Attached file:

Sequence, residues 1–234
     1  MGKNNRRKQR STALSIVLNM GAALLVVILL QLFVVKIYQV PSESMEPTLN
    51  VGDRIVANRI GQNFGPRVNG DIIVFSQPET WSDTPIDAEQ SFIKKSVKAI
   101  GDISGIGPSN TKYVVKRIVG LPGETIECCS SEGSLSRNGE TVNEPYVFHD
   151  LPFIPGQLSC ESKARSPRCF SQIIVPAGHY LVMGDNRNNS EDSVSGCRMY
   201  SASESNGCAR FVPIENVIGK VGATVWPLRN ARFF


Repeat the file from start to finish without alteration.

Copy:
Sequence, residues 1–234
     1  MGKNNRRKQR STALSIVLNM GAALLVVILL QLFVVKIYQV PSESMEPTLN
    51  VGDRIVANRI GQNFGPRVNG DIIVFSQPET WSDTPIDAEQ SFIKKSVKAI
   101  GDISGIGPSN TKYVVKRIVG LPGETIECCS SEGSLSRNGE TVNEPYVFHD
   151  LPFIPGQLSC ESKARSPRCF SQIIVPAGHY LVMGDNRNNS EDSVSGCRMY
   201  SASESNGCAR FVPIENVIGK VGATVWPLRN ARFF